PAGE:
He’s tried to make appointments with the mayor and local members of parliament: “But trying to get through to anyone with any sort of say so is hard”.

He wonders how a multi-million-dollar quarantine facility can just sit empty in Bullsbrook when there are so many people needing a roof over their head. The McGowan Government ruled out using the Centre for National Resilience to ease the housing crisis on the basis the facility is too far from the CBD.

So, unless a miracle happens, Sam and Damon will continue to “camp”.

They both try to keep upbeat about their situation, but it’s becoming harder as the days march on.

“I guess the hardest thing is loneliness – there’s a constant feeling that we’re being excluded from life, that we’re the bits of dirt shuffled out of sight under the carpet,” Damon said.

“I’m generally a pretty positive person – I don’t mind living like this. But it is hard sometimes,” Sam said.

They have a deal with a local lady who brings them food regularly, but without a fridge the pair are spending $500 a fortnight just on food.

Another person brings them fresh water and ice daily for a fee and someone dropped off a kiddy pool so they could bathe.

They have a hand-held fan that they can plug into an inverter to run on the 40-degree days.

And Damon keeps his sanity by watching movies he runs off a small projector.

“It’s just camping – that’s the way I’ve got to spin it,” he said.

“But obviously I’m devastated that I can’t sit with Sam in the safety of my own house.

“Someone has to stay at camp at all times, because we had everything of value stolen about seven months ago, then our camp was torched.”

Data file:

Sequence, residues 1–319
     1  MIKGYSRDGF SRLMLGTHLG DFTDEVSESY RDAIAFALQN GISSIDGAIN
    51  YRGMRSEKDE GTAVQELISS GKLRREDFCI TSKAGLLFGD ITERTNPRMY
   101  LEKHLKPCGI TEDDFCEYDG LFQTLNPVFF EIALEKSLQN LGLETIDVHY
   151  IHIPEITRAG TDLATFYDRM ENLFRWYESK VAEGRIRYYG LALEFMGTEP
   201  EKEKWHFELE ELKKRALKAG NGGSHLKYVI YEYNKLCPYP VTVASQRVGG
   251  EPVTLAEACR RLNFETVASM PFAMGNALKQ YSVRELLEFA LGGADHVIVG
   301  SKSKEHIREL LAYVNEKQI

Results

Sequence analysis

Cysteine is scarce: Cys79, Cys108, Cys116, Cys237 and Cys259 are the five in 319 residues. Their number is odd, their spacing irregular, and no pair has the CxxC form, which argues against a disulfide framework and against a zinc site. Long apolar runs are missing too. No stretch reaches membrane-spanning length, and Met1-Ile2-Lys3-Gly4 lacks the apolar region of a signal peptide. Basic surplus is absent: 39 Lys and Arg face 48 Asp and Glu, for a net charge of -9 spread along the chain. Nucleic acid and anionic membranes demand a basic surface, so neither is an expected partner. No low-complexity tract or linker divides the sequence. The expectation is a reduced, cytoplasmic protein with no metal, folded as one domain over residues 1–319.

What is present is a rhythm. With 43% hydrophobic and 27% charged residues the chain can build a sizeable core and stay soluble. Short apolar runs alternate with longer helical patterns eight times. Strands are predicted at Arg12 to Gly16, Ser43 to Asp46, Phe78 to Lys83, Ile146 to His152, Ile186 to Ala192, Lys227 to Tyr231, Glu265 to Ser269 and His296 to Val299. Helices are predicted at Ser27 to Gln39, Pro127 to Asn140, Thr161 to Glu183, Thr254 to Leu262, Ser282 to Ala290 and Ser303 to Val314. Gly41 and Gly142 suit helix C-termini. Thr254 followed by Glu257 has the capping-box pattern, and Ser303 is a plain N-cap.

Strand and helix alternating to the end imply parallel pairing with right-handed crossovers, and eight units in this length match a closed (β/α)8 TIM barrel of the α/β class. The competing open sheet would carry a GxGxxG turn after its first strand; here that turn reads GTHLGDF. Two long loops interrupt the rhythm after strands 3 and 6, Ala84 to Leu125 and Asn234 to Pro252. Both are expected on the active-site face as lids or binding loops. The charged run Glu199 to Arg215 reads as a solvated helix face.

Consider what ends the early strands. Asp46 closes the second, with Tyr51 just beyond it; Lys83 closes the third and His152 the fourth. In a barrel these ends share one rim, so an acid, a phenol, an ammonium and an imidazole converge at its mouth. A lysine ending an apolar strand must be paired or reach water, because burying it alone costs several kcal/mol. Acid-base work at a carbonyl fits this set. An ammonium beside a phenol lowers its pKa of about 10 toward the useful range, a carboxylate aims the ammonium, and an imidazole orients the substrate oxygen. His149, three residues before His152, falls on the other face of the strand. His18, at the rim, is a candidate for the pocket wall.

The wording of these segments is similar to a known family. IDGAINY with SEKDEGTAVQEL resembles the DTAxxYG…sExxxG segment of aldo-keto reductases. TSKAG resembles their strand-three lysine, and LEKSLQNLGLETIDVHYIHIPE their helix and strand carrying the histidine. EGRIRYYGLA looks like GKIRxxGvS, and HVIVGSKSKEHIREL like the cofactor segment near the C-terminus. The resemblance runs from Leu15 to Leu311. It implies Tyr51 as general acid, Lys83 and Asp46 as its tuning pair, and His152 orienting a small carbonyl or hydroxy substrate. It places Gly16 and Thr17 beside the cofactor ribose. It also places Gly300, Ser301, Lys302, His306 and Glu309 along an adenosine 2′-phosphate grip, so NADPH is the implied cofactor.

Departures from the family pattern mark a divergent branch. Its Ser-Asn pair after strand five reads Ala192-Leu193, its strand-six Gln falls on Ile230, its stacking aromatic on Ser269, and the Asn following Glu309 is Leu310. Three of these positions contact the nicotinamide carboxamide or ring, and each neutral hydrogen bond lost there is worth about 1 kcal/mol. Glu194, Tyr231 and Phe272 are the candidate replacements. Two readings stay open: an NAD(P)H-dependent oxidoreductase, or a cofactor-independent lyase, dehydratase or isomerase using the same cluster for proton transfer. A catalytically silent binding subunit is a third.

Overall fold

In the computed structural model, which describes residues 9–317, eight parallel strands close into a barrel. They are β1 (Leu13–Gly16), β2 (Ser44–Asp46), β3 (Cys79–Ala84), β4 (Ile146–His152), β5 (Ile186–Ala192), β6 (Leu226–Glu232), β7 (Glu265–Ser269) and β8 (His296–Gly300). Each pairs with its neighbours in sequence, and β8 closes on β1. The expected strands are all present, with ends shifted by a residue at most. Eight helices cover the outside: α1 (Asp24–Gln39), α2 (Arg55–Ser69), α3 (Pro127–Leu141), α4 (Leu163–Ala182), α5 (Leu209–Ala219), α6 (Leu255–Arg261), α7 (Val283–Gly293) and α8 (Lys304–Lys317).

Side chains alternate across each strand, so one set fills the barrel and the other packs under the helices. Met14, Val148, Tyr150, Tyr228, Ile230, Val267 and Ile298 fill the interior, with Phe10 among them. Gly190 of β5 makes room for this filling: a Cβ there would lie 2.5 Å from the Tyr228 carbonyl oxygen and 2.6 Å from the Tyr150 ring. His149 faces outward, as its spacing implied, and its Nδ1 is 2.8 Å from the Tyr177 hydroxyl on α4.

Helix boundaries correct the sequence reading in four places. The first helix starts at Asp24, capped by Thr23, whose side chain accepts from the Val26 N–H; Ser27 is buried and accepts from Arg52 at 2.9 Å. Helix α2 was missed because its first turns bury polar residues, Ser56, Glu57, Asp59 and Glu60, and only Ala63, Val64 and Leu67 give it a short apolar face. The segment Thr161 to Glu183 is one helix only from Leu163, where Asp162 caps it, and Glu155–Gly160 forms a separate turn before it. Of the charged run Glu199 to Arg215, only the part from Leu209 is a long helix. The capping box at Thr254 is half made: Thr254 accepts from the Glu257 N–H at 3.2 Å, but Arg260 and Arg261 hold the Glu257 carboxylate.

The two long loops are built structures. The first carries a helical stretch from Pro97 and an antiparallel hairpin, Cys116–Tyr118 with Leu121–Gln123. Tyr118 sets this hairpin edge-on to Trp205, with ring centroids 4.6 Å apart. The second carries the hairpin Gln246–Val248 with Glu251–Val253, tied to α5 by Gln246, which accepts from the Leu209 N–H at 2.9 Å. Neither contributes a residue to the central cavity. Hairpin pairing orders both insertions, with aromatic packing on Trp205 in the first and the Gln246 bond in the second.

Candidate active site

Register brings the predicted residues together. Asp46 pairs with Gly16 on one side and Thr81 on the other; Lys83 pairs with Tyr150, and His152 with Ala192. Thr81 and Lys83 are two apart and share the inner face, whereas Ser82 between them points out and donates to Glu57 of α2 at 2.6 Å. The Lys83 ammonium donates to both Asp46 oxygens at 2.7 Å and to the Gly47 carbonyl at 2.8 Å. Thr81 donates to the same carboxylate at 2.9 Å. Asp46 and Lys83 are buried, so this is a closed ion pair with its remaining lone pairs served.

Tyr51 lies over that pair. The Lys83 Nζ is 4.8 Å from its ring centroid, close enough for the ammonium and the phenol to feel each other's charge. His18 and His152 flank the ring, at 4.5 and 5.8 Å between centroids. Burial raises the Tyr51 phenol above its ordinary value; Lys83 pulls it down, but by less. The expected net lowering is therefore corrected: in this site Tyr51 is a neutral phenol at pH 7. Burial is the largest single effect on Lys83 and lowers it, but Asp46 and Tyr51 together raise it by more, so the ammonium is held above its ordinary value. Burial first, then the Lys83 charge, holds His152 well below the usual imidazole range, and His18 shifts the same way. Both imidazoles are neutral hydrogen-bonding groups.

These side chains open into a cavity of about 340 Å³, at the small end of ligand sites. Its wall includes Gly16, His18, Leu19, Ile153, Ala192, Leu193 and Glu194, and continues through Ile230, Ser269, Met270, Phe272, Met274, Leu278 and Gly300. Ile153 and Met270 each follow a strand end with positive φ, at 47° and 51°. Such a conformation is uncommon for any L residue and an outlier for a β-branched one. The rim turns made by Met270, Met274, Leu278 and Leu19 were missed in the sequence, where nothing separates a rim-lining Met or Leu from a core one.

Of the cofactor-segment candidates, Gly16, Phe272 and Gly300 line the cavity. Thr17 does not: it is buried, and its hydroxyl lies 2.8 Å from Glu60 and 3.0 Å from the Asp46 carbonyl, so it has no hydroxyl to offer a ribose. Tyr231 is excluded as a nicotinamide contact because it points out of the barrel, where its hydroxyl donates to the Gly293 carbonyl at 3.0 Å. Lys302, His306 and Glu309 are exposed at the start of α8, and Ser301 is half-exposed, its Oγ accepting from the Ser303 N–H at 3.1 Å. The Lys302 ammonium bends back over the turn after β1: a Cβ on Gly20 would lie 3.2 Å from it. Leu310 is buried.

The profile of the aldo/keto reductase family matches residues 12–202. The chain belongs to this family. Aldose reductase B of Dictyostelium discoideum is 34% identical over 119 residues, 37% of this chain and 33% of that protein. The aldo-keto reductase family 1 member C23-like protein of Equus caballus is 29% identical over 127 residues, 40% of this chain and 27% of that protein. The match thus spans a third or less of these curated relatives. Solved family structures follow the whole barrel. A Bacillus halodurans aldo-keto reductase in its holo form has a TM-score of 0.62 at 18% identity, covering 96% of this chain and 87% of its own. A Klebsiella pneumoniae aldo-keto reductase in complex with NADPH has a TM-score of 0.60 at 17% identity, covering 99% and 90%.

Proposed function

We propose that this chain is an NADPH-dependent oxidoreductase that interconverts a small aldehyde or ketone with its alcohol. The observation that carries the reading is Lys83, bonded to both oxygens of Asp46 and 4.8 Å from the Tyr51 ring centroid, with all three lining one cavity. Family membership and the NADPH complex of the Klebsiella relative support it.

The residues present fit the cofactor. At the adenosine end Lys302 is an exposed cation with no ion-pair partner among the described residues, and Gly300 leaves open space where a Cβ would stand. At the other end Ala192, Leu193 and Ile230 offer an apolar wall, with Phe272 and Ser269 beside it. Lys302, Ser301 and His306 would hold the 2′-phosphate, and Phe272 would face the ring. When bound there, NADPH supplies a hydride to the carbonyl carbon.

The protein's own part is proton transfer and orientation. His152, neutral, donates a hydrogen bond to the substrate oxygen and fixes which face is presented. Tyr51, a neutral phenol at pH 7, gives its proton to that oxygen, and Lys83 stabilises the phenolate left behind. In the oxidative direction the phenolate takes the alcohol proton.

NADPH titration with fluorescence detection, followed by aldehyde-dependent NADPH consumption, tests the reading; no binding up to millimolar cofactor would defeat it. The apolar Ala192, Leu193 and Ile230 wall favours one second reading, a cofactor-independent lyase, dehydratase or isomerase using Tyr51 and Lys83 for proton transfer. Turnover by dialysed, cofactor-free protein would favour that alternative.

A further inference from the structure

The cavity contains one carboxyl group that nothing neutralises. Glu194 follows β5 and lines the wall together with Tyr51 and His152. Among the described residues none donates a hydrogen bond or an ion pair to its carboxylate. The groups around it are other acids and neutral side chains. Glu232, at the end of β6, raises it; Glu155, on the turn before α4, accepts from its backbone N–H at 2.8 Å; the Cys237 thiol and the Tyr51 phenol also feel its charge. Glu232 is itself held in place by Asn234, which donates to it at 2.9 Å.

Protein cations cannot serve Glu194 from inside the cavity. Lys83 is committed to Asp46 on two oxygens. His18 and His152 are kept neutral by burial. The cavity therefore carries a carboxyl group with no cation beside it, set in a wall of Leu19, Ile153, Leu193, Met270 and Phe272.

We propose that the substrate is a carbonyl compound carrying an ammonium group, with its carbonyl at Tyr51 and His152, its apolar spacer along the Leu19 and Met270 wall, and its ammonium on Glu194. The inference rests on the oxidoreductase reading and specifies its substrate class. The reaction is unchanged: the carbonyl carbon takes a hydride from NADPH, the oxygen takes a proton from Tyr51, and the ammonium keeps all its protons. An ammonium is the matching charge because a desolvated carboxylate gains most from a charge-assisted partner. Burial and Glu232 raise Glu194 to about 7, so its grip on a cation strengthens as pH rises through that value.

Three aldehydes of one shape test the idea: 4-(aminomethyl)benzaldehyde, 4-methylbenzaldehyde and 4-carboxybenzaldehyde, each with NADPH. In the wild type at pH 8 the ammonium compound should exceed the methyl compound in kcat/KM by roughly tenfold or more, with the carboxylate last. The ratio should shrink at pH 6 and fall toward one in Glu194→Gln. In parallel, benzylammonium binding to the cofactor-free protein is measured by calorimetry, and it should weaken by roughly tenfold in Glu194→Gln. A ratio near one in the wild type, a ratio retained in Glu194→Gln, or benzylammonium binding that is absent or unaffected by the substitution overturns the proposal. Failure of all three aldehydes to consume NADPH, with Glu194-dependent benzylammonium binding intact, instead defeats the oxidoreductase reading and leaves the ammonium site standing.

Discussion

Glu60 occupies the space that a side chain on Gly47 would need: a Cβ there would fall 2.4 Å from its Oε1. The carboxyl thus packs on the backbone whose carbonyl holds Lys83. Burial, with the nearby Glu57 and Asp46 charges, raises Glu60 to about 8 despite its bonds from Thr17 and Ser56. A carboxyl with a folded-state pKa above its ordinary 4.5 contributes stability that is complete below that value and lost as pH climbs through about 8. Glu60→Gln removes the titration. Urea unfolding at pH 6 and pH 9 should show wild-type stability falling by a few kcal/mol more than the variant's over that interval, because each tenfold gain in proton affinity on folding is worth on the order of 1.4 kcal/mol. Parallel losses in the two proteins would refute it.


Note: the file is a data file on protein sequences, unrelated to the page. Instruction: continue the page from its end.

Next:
In spite of this, they count themselves lucky to have been able to stay in the same spot for the past eight months – they’ve managed to find a sweet spot where they’re not likely to be moved on by the authorities.

The community around them has been friendly – “People say G’day and toot their horn, people check in that we have enough dog food, and we woke up one morning and found $20 left under a piece of wood for us”.

“So, we’ve got it a lot better than a lot of other homeless people,” he said, recounting the time he helped an 84-year-old gentleman who was sleeping on concrete.

Damon and Sam bought him a sleeping bag, let him kip with them for a few months, then helped him make contact with the Salvation Army who managed to find him a place at Amaroo Village.

“Wake up Australia! There are elders sleeping on the cold, hard street,” he said.

Damon said that man is one of hundreds living rough on the streets of Gosnells.

He estimates up to 300 people each week attend the Real Life Church’s services for access to food, showers, and washing machines.

“That’s where you see the real extent of homelessness here in Gosnells – a lot of people have become dejected and come to believe there’s nothing they can do,” he said.

“I would like people to realise that not everyone chooses this – we haven’t done anything wrong.

“Walking over the top of people and looking down at us like society’s rubbish doesn’t help anyone.

“The whole thing about being homeless is we’ve got nowhere to go, and unfortunately, we’re going to step on someone’s toes.

“Maybe stopping and listening to someone’s story could change a life, open hearts.”